CSU
 
 
 
 

Biofuels

Engine Emissions Testing of Straight Vegetable Oil

The goal of this project is to test locally grown Soybean, Canola, and Camelina sunflower oils and their biodiesels in a DI engine for 200 hours to test engine longevity, emissions and performance. Funded by the Governor's Energy Office Supercluster Clean Energy Grant.
Biodiesel Pollution Formation Kinetics

NOx emissions from biodiesel powered engines increase compared to pure petroleum diesel which threatens widespread acceptance of biodiesel. This project will increase our understanding of methyl ester fuel chemistry and its role in NOx production in CI engines. Sponsored by the National Science Foundation.
Enhanced Homogenous Charge Compression Ignition (HCCI) Engine Performance

Homogeneous charge compression ignition (HCCI) engines have the potential to produce the high fuel economy of a compression ignition (CI) engine, with the low emissions of a spark ignition (SI) engine. Recent research suggests that the ideal HCCI fuel can be realized with current bio-derived alcohols. This research will examine the characteristics of such alcohols in order to find an ideal HCCI fuel.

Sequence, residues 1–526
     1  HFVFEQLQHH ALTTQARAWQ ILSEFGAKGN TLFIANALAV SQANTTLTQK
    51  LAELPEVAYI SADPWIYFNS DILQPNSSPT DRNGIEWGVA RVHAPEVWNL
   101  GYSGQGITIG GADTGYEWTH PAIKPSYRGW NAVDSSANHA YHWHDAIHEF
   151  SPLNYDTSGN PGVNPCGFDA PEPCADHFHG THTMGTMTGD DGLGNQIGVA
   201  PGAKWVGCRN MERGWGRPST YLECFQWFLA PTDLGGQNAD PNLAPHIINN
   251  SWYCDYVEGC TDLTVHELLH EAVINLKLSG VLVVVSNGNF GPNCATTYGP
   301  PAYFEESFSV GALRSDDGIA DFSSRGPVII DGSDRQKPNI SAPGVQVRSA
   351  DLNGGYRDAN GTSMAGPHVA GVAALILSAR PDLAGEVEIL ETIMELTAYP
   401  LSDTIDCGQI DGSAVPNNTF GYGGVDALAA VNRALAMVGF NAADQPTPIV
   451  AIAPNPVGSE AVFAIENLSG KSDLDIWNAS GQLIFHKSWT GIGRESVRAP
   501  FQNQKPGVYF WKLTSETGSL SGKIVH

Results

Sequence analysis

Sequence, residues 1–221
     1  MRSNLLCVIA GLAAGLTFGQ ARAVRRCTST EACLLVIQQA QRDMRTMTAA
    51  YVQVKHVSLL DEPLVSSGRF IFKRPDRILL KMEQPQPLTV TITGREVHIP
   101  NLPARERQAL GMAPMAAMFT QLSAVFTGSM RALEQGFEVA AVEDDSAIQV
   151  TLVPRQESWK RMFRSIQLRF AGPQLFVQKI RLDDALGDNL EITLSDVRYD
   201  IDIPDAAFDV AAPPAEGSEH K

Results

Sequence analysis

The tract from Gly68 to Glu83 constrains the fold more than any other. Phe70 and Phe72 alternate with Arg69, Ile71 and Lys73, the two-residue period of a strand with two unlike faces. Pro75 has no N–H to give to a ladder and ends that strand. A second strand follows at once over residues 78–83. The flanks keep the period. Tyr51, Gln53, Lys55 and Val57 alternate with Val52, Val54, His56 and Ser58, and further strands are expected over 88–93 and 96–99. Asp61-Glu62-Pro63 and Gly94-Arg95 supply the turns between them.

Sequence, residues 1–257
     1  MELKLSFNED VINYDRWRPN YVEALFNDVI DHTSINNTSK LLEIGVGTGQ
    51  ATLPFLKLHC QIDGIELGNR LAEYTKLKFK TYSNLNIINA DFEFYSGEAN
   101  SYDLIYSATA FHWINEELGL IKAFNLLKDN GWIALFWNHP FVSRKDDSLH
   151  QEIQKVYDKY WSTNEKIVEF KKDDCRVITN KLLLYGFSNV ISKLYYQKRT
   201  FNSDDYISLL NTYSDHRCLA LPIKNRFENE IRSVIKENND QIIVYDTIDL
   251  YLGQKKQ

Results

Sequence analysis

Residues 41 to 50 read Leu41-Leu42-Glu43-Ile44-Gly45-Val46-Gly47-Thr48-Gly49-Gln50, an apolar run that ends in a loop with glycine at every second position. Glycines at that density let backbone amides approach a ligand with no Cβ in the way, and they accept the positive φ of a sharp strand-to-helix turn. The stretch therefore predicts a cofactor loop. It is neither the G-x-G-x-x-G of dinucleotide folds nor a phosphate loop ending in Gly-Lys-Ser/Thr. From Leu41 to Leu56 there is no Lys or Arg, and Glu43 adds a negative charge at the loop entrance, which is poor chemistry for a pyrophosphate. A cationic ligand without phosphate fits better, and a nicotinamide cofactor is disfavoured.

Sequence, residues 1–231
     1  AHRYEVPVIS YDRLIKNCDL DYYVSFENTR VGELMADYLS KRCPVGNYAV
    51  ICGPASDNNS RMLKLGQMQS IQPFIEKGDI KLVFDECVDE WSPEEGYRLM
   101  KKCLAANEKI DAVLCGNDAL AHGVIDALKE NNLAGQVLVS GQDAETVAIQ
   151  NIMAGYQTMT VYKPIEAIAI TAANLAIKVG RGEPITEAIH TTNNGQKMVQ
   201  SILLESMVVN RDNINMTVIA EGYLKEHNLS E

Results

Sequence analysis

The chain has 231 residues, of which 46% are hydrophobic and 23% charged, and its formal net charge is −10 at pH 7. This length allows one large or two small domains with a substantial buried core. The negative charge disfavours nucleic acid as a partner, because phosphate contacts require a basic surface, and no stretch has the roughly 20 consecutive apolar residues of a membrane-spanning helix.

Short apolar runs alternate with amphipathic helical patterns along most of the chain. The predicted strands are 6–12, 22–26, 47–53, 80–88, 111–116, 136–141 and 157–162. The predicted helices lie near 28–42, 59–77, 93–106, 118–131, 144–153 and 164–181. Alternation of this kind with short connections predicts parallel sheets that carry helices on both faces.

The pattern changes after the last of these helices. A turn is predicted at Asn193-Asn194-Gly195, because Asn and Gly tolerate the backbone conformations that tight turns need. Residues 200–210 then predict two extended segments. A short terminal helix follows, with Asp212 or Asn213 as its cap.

Emissions from Algae-Derived Biodiesel

There are many variables to take into account when choosing an algae strain for biofuel development, generally biofuels reduce PM, CO and HC emissions but NOx increases. Through tests on a John Deere 4024t, we hope to characterize emissions from different algae strains to determine the best candidate that will reduce emissions most favorably.
Ignition and Combustion of Bio Methyl Ester Fuel Droplets

The complete mechanism behind the NOx increase from biodiesel is not completely understood, but evidence suggests that it is caused by differences in both the physical properties and the chemical oxidation mechanisms of biodiesel and petroleum diesel. By examining methyl ester droplet ignition, we hope to characterize the chemical kinetic mechanisms behind biodiesel NOx and PM processes.